I’m behind in keeping up my personal account of summer 2019, so here’s a common green darner to tide me over. They were swarming at Perennial Garden today, where one posed for me despite the winds whipping the plants to pieces and photos into blurs.
Before the tornado warnings started and the tornado sirens went off, I went for a morning bike ride, when it was still a sunny, pleasant, even perfect spring day. My main objective was lilac bushes. I love the scent of lilacs. They remind me of home, probably because a couple of lilac bushes at the front of the trailer park bloomed a few years.
When I got there, someone walking toward me caused a mini-swarm of insects to rise — many of them butterflies. Red admirals, American and possibly painted ladies, monarchs — well, one monarch, anyway. I managed to take some photos, although they were skittish, and I didn’t want to disrupt their breakfast too much — they must have tremendous energy needs just now.
1 Per Wikipedia:
It [red admiral] is known as an unusually people-friendly butterfly, often landing on and using humans as perches.
If only the world could stay as glorious as some fleeting moments.
. . . falls mainly on the plains. Or something like that. Sky over Lake Michigan after a late afternoon/early evening rain.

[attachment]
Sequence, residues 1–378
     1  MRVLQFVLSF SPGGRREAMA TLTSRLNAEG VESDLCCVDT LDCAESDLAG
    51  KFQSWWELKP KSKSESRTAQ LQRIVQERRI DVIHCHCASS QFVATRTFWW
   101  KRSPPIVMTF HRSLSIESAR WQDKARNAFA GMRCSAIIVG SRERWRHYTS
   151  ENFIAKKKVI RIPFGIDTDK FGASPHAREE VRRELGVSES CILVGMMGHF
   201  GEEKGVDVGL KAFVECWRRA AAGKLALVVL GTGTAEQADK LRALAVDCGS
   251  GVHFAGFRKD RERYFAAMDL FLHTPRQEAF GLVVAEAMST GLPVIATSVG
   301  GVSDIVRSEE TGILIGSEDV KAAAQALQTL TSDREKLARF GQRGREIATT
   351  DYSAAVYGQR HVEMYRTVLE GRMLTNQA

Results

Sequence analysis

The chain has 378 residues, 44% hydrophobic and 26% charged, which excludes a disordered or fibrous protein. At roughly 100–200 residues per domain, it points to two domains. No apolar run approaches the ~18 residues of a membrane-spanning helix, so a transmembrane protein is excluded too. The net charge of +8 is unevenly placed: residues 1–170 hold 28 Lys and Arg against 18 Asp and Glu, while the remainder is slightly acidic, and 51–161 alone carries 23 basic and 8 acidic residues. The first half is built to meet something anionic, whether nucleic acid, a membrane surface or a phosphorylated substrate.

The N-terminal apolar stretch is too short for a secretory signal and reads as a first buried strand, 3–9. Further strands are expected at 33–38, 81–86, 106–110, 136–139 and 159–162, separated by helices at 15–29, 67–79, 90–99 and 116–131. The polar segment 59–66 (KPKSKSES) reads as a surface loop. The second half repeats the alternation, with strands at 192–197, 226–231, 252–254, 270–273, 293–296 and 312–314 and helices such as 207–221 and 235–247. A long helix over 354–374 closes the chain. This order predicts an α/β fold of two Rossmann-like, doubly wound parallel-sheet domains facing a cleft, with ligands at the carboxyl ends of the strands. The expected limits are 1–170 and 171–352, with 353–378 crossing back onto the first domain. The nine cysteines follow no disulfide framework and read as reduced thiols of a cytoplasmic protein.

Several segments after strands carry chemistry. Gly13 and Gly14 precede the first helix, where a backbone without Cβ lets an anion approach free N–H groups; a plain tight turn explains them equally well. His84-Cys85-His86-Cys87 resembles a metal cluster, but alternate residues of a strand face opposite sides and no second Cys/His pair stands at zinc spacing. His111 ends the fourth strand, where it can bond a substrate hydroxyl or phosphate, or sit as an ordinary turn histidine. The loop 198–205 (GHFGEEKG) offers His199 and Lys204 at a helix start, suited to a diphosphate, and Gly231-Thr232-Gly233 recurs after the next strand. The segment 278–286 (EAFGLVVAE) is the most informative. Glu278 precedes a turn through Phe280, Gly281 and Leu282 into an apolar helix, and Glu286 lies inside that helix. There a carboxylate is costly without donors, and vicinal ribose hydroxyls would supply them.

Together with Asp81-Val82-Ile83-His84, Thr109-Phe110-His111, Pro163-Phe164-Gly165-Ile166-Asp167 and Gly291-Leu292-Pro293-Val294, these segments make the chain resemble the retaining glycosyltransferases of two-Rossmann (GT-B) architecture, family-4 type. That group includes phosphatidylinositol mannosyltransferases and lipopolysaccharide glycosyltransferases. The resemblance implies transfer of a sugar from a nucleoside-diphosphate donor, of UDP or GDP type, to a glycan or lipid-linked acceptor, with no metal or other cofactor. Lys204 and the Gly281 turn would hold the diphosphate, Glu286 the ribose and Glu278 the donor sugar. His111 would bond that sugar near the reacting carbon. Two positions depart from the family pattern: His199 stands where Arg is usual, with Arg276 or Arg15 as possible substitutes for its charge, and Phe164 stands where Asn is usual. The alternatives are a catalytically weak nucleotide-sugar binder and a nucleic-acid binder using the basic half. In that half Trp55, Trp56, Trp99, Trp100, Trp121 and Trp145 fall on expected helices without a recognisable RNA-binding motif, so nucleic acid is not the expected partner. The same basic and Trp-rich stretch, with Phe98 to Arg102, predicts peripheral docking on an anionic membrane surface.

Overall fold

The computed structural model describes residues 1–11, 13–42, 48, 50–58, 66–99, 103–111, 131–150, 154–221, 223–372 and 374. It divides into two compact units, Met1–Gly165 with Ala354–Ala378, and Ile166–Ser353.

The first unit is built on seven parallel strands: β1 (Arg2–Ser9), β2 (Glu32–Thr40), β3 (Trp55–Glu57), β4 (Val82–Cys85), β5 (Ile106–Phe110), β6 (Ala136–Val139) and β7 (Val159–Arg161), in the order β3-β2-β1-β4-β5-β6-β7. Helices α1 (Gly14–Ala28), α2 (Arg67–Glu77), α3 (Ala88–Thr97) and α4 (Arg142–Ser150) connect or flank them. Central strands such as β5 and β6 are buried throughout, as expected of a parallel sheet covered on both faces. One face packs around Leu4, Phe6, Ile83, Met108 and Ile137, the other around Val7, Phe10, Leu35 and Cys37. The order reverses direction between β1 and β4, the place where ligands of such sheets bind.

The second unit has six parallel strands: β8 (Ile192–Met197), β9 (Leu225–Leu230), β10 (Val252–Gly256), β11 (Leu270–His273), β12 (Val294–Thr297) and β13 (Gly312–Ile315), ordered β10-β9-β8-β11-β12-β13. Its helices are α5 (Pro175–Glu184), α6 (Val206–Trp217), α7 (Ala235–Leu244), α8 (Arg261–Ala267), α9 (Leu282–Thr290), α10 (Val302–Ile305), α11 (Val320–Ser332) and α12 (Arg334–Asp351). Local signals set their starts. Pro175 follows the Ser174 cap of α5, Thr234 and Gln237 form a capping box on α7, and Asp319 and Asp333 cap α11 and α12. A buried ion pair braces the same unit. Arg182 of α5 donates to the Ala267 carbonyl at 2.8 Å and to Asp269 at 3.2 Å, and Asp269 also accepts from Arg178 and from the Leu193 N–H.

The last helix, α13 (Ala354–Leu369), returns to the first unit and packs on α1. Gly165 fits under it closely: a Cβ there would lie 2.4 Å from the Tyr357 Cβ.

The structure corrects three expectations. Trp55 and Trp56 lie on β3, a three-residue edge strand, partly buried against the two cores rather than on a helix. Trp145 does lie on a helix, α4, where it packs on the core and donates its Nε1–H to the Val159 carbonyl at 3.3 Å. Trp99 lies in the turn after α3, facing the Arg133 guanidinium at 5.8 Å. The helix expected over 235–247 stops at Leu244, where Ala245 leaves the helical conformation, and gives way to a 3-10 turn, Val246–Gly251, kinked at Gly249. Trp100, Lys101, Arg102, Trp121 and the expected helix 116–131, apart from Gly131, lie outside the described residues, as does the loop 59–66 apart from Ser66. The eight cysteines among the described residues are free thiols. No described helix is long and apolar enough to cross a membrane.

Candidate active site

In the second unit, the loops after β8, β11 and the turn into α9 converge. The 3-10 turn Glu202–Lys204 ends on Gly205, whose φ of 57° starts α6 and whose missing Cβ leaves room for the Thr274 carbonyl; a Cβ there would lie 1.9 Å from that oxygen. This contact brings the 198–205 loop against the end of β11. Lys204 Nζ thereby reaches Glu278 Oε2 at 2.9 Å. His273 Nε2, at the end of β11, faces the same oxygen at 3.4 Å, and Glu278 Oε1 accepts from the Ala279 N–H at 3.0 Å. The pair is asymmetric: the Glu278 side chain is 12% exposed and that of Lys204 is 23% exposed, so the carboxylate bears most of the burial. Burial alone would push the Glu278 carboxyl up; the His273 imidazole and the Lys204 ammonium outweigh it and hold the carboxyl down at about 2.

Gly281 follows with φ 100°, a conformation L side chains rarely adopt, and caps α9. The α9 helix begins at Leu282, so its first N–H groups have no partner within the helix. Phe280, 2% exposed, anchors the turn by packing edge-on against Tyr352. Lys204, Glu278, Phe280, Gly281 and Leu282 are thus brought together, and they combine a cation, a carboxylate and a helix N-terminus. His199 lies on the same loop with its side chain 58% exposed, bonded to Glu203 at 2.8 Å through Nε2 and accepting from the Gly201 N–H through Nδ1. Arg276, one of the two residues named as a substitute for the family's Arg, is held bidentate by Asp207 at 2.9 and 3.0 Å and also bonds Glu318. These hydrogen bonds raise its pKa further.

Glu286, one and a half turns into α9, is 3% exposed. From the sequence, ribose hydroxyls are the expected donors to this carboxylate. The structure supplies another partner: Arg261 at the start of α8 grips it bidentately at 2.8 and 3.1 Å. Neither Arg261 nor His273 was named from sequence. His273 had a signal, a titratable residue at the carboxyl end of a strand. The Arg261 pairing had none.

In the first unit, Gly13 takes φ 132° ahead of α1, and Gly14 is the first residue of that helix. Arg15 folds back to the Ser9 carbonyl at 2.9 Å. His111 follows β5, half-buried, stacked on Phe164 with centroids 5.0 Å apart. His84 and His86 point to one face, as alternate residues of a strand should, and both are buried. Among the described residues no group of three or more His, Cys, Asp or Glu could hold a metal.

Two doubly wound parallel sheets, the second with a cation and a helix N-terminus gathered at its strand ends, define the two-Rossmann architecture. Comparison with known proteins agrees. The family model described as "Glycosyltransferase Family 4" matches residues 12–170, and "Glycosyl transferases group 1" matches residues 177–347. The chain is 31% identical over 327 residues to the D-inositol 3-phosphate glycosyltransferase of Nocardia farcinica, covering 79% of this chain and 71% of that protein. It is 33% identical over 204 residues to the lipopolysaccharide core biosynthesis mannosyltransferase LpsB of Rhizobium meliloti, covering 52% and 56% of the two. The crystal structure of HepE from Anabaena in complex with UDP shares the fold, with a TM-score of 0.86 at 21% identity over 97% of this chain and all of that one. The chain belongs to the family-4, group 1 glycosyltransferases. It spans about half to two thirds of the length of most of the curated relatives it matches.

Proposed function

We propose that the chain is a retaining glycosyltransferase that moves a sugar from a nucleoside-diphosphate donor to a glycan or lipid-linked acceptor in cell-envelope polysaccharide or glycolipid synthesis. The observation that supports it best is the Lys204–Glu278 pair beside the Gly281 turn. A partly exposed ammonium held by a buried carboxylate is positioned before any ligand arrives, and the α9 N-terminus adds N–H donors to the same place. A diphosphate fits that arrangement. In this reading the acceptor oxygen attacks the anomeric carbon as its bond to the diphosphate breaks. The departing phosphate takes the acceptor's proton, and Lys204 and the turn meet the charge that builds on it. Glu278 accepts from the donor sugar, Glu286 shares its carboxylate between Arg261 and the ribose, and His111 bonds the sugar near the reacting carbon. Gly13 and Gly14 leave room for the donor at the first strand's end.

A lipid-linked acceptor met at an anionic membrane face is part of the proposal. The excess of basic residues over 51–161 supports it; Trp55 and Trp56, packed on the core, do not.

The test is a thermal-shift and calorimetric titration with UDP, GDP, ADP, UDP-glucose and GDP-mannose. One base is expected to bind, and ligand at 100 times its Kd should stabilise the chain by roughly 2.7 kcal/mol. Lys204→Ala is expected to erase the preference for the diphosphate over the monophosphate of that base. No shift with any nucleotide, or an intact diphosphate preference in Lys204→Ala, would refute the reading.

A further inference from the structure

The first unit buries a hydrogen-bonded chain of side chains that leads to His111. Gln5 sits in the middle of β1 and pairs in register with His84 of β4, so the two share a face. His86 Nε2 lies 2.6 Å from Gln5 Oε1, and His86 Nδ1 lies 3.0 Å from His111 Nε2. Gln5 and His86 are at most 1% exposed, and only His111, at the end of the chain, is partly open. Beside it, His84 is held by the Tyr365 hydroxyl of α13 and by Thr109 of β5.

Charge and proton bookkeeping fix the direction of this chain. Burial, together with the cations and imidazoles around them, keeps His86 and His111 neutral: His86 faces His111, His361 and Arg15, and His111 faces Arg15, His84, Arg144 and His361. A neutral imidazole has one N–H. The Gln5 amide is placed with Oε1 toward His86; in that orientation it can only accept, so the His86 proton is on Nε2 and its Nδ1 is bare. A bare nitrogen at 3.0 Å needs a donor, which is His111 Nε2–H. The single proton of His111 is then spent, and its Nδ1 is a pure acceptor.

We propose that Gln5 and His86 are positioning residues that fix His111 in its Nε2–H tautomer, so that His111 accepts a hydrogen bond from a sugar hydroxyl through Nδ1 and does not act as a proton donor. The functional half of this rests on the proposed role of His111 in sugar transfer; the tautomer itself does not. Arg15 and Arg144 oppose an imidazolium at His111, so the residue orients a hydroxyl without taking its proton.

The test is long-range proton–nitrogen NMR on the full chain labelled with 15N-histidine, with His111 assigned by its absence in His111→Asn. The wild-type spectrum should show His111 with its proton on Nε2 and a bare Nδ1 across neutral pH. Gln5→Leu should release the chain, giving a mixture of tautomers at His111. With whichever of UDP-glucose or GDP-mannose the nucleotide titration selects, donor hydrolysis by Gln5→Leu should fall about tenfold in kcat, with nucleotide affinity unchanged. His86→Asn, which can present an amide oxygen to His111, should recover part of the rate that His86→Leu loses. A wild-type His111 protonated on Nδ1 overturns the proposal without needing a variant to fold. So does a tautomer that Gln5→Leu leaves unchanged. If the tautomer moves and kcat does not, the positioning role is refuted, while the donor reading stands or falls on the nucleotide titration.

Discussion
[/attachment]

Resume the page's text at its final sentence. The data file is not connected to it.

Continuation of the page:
Cinco de Mayo 2019, Indiana Dunes State Park
All you can do is predict a Midwest spring will be unpredictable. Get your bike ready but keep your scarf and mittens handy.
April 14, 2019
All-day blizzard conditions.
April 21, 2019 (Easter Sunday)
A week later, a great egret keeping an eye out for fish dinner at Washington Park lagoon.
I suppose most people go to national parks to get away from it all. To leave the world they know behind. This kind of escape is available at our newest national park. But there is something else. Something I think my friend was alluding to. You don’t get away from it all at the Indiana Dunes National Park the way you might at Yosemite or Yellowstone. In fact, you come up against it. This national park, you realize, is actually a last line of resistance, a green and blue membrane holding back the accumulated pressure human will has piled on the earth and insisted was progress.David Hoppe